Gut bacteria in multiple sclerosis: probiotic or commensal, good or bad?

Professor Dimitry Krementsov

Researchers in the Krementsov Lab have found that a bacterial species called Lactobacillus reuteri, commonly used in probiotics, can increase disease severity in a mouse model of multiple sclerosis (MS), an autoimmune disease that is the leading cause of non-traumatic neurological disability in young adults.

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Professor Eyal Amiel working in his laboratory.

Eyal Amiel Selected to Edit Research Series for Immunology

A new publication review series co-edited by Eyal Amiel, an associate professor of medical laboratory science, explores the impact of immunometabolism in the interaction between host and pathogen and casts new light on infection and immune cell activity.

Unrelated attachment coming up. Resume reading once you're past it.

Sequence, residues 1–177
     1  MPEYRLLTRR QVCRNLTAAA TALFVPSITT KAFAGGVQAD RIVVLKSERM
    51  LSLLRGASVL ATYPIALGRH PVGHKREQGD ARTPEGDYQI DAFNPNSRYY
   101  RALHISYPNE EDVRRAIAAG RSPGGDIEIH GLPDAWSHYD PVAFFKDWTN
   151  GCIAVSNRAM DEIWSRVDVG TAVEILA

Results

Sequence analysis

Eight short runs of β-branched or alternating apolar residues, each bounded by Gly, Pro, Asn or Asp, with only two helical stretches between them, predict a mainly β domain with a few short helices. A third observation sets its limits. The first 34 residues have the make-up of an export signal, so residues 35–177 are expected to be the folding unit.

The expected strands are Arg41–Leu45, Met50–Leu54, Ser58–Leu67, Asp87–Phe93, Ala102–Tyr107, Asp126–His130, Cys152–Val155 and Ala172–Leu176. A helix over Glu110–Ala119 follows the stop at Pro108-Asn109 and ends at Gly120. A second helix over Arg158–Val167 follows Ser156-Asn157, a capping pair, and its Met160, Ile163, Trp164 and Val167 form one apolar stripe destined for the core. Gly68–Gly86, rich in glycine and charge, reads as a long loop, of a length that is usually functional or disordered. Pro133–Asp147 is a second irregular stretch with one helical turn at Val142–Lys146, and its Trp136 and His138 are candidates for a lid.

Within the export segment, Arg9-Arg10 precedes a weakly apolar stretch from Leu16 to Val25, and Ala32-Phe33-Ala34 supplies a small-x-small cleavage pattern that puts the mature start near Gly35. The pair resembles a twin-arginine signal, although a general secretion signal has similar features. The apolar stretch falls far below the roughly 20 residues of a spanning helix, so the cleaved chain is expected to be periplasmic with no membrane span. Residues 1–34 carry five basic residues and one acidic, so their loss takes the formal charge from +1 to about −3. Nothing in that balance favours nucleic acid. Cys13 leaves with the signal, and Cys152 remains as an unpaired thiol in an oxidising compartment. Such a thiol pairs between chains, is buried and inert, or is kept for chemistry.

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Professor Escorpizo working with students in physical therapy lab.

Reuben Escorpizo named to Frontiers in Rehabilitation Sciences Editorial Board

The newly launched publication, Frontiers in Rehabilitation Sciences, selected Reuben Escorpizo, a clinical associate professor and Interim Physical Therapy Program Director in the Department of Rehabilitation and Movement Science, to serve on the journal's editori

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